Objective: To evaluate attentional and activity behaviors in 4-year-olds following prenatal selective serotonin reuptake inhibitor (SSRI) exposure.
Design: Prospective cohort design.
Setting: Tertiary care center.
Participants: Twenty-two 4-year-olds with prolonged prenatal SSRI medication exposure and 14 children without prenatal exposure.
Main exposure: Prenatal SSRI exposure.
Main outcome measures: Group differences in externalizing behaviors (according to the Child Behavior Checklist) and direct observations of child attention, activity, and impulsiveness in a laboratory setting using the procedure by Crowell and colleagues were compared, including measures of the duration of prenatal SSRI exposure, umbilical cord drug levels, a history of poor neonatal adaptation, and maternal mood.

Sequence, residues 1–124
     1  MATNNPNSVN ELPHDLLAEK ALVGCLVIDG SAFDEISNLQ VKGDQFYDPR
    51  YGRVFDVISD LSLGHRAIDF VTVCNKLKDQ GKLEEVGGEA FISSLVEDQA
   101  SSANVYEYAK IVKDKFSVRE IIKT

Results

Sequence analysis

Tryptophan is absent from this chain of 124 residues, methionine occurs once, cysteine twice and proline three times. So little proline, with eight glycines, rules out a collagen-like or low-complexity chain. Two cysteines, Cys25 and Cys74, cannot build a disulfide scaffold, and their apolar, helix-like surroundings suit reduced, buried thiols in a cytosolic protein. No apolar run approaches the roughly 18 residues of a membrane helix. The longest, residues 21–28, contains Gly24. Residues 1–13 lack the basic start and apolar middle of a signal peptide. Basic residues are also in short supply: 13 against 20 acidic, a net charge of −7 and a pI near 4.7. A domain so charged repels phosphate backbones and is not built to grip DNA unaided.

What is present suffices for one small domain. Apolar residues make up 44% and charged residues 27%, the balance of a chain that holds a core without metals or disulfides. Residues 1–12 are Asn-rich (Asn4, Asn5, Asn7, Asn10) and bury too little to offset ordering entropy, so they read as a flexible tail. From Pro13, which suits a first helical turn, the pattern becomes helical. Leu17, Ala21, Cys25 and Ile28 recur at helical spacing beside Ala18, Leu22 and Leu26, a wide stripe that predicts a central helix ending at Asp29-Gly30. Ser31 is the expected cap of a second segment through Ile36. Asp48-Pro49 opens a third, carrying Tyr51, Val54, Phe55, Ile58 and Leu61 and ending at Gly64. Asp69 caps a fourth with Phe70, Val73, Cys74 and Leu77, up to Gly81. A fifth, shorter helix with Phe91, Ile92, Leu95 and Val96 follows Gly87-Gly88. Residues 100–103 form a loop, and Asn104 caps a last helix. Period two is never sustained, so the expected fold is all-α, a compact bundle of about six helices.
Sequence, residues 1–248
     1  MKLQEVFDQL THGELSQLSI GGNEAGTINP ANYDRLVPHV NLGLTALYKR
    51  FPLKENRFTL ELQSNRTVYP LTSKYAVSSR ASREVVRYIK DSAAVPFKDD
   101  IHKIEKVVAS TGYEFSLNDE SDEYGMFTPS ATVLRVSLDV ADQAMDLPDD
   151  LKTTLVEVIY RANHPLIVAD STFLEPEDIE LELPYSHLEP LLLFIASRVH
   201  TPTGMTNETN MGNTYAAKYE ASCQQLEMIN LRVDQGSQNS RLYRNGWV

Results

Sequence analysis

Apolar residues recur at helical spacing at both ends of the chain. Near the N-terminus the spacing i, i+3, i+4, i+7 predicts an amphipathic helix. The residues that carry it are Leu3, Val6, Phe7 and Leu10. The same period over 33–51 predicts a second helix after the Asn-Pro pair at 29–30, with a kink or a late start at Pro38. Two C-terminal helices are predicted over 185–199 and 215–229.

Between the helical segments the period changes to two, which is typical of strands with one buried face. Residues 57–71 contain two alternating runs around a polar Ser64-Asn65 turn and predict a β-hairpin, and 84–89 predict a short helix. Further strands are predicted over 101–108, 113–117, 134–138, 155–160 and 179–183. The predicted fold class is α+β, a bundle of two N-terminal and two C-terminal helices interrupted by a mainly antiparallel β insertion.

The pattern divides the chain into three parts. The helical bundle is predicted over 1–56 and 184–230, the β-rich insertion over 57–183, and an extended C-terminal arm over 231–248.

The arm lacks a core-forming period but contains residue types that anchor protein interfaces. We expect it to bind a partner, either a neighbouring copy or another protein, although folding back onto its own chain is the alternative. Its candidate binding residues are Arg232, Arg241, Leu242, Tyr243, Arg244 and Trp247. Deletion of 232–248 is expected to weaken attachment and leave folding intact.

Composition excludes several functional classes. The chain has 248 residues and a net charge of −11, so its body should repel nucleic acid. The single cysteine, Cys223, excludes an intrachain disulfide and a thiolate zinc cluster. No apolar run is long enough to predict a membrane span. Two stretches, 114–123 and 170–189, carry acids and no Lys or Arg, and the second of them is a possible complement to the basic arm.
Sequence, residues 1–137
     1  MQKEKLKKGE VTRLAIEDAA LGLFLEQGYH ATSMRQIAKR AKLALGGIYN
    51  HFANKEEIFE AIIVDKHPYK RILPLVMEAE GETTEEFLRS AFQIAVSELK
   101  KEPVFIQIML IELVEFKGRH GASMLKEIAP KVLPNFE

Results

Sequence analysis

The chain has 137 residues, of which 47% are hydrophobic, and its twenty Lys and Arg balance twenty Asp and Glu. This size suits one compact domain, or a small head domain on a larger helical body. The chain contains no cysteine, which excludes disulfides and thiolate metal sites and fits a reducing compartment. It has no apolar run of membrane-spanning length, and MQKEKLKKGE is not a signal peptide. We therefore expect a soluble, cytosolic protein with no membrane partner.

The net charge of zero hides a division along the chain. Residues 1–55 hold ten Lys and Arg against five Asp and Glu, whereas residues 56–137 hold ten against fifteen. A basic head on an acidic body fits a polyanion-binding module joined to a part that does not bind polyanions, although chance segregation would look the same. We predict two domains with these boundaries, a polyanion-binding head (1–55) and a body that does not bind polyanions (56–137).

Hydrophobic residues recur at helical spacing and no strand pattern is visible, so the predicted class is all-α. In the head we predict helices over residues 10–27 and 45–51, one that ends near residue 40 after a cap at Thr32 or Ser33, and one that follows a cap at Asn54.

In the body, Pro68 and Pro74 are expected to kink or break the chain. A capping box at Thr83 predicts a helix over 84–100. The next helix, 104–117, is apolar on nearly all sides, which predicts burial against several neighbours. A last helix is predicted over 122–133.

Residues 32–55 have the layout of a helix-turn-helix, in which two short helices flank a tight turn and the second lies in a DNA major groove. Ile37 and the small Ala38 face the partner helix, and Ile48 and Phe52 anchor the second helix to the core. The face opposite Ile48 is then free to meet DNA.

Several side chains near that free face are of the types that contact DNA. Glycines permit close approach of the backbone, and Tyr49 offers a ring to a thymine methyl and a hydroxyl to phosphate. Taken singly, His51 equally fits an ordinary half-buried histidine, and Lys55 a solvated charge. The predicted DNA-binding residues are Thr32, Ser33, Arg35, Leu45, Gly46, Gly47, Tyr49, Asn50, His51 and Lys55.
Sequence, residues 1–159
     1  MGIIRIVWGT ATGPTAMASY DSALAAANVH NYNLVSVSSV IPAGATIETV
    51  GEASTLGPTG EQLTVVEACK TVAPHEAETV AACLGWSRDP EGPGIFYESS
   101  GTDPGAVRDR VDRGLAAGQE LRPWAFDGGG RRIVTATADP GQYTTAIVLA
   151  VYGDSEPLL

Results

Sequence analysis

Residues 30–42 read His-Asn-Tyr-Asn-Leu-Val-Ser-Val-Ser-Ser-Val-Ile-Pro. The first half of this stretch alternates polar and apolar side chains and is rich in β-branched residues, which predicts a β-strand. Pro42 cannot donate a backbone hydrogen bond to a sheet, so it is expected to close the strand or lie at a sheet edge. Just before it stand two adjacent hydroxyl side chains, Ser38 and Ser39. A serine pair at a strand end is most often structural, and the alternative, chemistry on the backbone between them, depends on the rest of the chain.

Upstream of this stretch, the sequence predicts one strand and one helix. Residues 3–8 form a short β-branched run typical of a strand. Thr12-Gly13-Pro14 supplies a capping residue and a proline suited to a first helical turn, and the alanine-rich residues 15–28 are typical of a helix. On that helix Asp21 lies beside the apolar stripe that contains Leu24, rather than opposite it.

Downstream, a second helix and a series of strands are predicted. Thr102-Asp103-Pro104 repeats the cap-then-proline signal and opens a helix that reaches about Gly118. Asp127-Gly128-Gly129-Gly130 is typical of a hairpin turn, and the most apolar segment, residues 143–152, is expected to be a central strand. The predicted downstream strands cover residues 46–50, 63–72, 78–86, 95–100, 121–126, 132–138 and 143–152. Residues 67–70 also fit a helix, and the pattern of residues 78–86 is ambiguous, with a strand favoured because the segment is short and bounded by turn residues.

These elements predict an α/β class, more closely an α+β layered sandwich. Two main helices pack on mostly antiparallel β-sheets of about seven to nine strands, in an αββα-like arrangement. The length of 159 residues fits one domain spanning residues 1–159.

Results: Externalizing behaviors did not differ between groups. Maternal depression and anxiety at the 4-year follow-up were associated with increased reports of externalizing behaviors. Increased externalizing behaviors were associated with increased umbilical cord drug levels (F(1,34) = 6.3; P = .02), but when controlling for maternal depressed mood at the 4-year follow-up, such levels only accounted for 11.2% of the behavioral outcomes (P>.05). On direct observation, the persistence score for child behavior was significantly lower in the exposed group. Increased aggressiveness scores were associated with a history of poor neonatal adaptation, even when parental report of stress was added to the model (F(1,34) = 4.0; P = .03); however, neither parental report of stress nor poor neonatal adaptation were significant (both P = .09), suggesting that both are important, if not unique, predictors of child behavior.
Conclusions: These findings suggest that the best predictors of externalizing behaviors at age 4 years are current maternal mood and parental stress, regardless of prenatal depressed mood and SSRI treatment during pregnancy. It remains uncertain whether poor neonatal adaptation can be excluded as a possible predictor of externalizing behaviors.